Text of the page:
For the first time, the Navy SEAL who killed Osama bin Laden tells his story — speaking not just about the raid and the three shots that changed history, but about the personal aftermath for himself and his family.
And the startling failure of the United States government to help its most experienced and skilled warriors carry on with their lives.
The life of Osama bin Laden ended with three shots to the center of his forehead.
Bin Laden was the man CIA director Leon Panetta called “the most infamous terrorist in our time”.
The Shooter was the “number two” behind the raid’s point man going up the stairs to bin Laden’s third-floor residence, and was the one who rolled through the bedroom door solo and confronted the surprisingly tall terrorist pushing his youngest wife, Amal, in front of him through the pitch-black room.
The Shooter had to raise his gun higher than he expected.
What is hard to understand is that a man with hundreds of successful war missions, one of the most decorated combat veterans of our age, who capped his career by terminating bin Laden, has no landing pad in civilian life.
The U.S. government put a $25 million bounty on bin Laden that no one is likely to collect.
Certainly not the SEALs who went on the mission nor the support and intelligence experts who helped make it all possible.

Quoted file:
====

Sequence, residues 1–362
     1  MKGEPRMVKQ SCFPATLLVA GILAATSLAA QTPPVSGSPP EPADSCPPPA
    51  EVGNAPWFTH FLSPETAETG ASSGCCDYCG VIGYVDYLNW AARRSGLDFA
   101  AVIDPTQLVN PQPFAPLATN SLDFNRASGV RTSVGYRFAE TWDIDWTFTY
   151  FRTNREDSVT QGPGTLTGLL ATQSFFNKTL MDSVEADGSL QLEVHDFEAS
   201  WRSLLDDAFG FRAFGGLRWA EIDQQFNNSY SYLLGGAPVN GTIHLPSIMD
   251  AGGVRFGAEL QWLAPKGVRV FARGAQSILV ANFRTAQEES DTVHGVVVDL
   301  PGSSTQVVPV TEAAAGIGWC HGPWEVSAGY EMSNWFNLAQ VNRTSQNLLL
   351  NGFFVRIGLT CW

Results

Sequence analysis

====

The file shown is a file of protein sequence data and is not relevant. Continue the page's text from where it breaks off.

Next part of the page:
Technology is the key to success in this case more than people, Washington officials have said.
The Shooter doesn’t care about that. “I’m not religious, but I always felt I was put on the earth to do something specific. After that mission, I knew what it was”.
“No one who fights for this country overseas should ever have to fight for a job”, Barack Obama said last Veterans’ Day, “or a roof over their head, or the care that they have earned when they come home”.
But the Shooter will discover soon enough that when he leaves after sixteen years in the Navy, his body filled with scar tissue, arthritis, tendonitis, eye damage, and blown disks, here is what he gets from his employer and a grateful nation:
Nothing. No pension, no health care, and no protection for himself or his family.